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Hohorst v. Marion Bus Transportation Co.

New Jersey Superior Court, Appellate Division


Decided: October 27, 1949.

HENRY HOHORST, JR., AND HOHORST, INC., GRASSO BROS., INC., AND TWENTY-ONE OTHERS, APPELLANTS,
v.
MARION BUS TRANSPORTATION CO., INC., DEPARTMENT OF PUBLIC UTILITIES, BOARD OF PUBLIC UTILITY COMMRS., AND OTHERS, RESPONDENTS

McGeehan, Colie and Eastwood. The opinion of the court was delivered by McGeehan, S.j.a.d.

Mcgeehan

[5 NJSuper Page 281]

This appeal is from an order of the Board of Public Utility Commissioners, made pursuant to R.S. 48:2-14, approving the municipal consent of the City of Jersey City granted to the Marion Bus Transportation Co., Inc., for an extension of its existing route for a distance of approximately two and one-fifth miles. The extension is an east-west cross-town route in the Greenville section of Jersey City and crosses several north-south bus routes. Bus owners operating over the Central Avenue bus route (one of the north-south bus routes crossed) appeal.

R.S. 48:2-14 provides:

"No privilege or franchise * * * to any public utility * * * shall be valid until approved by the board. Such approval shall be given when, after hearing, the board determines that the privilege or franchise is necessary and proper for the public convenience and properly conserves the public interests. In granting its approval the board may impose such conditions as to construction, equipment, maintenance, service or operation as the public convenience and interests may reasonably require. * * *"

Appellants' first point is "that the delegation of legislative authority conferred upon the Board of Public Utility Commissioners by R.S. 48:2-14 is an unconstitutional delegation of legislative authority, because said statute does not contain any definite or adequate standard under and by virtue of which the authority so delegated can be exercised, or by which standards the Board can measure the facts or proofs submitted to it." The statute does contain a sufficient basic standard, namely, "that the privilege or franchise is necessary and proper for the public convenience and properly conserves the public interests," which sets forth a definite and certain policy and rule of action for the guidance of the agency created to administer the law. Thus, it meets the constitutional test set forth in Van Riper v. Traffic Tel. Workers' Fed. of N.J. , 2 N.J. 335 (1949). This language of R.S. 48:2-14 setting forth the standard has come down unchanged from the Public Utility Act of 1911 (P.L. 1911, c. 195, ยง 24). Substantially the same language is used in setting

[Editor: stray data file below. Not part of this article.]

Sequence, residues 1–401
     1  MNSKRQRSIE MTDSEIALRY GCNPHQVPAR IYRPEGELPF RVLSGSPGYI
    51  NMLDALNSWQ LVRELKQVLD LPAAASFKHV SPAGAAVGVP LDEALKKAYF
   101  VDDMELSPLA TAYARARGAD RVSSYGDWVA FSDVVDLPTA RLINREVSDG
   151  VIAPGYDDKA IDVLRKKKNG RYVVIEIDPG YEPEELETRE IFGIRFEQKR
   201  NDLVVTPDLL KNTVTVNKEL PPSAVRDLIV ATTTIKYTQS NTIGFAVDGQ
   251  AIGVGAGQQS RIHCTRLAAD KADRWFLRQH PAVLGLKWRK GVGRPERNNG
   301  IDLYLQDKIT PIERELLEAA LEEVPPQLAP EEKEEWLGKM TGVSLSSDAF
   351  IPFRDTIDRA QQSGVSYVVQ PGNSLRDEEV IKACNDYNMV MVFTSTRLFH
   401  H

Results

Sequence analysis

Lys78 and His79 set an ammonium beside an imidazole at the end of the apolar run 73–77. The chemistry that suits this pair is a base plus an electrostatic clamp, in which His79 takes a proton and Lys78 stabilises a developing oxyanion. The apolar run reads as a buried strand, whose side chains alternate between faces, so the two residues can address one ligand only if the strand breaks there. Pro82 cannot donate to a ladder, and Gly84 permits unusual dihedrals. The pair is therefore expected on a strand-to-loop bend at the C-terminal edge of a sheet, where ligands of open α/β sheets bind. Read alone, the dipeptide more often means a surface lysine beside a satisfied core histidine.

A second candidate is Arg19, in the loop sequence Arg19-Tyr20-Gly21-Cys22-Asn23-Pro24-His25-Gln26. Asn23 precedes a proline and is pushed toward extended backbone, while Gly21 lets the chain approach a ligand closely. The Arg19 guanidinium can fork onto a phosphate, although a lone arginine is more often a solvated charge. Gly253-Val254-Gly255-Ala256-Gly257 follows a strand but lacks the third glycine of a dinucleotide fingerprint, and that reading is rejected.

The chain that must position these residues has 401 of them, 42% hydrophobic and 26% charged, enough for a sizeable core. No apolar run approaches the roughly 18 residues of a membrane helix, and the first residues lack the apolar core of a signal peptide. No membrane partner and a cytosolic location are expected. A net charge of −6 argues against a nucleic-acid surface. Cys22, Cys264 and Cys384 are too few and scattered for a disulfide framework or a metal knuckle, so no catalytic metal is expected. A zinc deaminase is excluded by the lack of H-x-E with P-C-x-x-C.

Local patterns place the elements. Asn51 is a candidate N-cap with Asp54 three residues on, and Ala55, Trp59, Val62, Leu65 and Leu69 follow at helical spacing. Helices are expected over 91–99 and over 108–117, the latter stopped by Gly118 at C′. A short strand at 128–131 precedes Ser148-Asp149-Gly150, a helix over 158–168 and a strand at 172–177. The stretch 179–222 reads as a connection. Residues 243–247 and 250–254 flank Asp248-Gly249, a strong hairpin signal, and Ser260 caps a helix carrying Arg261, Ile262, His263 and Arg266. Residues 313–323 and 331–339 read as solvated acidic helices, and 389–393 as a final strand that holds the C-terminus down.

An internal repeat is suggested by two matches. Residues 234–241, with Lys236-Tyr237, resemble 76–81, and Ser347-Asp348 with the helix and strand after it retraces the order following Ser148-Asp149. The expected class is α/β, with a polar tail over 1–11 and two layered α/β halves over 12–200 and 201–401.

[5 NJSuper Page 282]

forth the basic standard in many state and federal public utility acts, and it has uniformly withstood attack on the constitutional ground urged here. 87 A.L.R. 551 c.

The appellants challenge the order of the board (1) because it fails to disclose on its face that the testimony was read or made known to anyone other than Commissioner Powers, who heard the case, and (2) because it does not show that a majority vote was taken. No authority for any such requirements has been cited to us and we know of none. Even if a legal basis existed for the first challenge, it was met here by the uncontradicted recitals of the order that the determination of the board was made after "analyzing the record" and "upon consideration of the entire evidence submitted." As to the second challenge, no claim is made that a majority of the board did not vote for the order, and the order itself recites that "the Board finds and determines * * *" and it was signed "Board of Public Utility Commissioners, by John E. Boswell, President" and attested by "Emmett T. Drew, Secretary." We find no merit in either challenge. Jersey City v. Hudson County Board of Taxation , 130 N.J.L. 309 (Sup. Ct. 1943), relied on by appellants, is not in point. In that case the County Board record did not show any report on the hearing by the single hearing commissioner, although a report was required both by the resolution making the reference and by the applicable statute.

Appellants next argue that "no evidence was adduced to reasonably support the order upon the ground that public convenience and necessity had been proved and that it properly served public interest." The order of the board determined that the extension of the rule "is necessary and proper for the public convenience and properly conserves the public interest" and our examination of the record leads us to the conclusion that there was evidence before the board to justify their action and to reasonably support it. Under such circumstances, this court will not disturb the adjudication of the board. Fornarotto v. Public Utility Commissioners , 105 N.J.L. 28 (Sup. Ct. 1928).

The order under appeal is affirmed.

19491027


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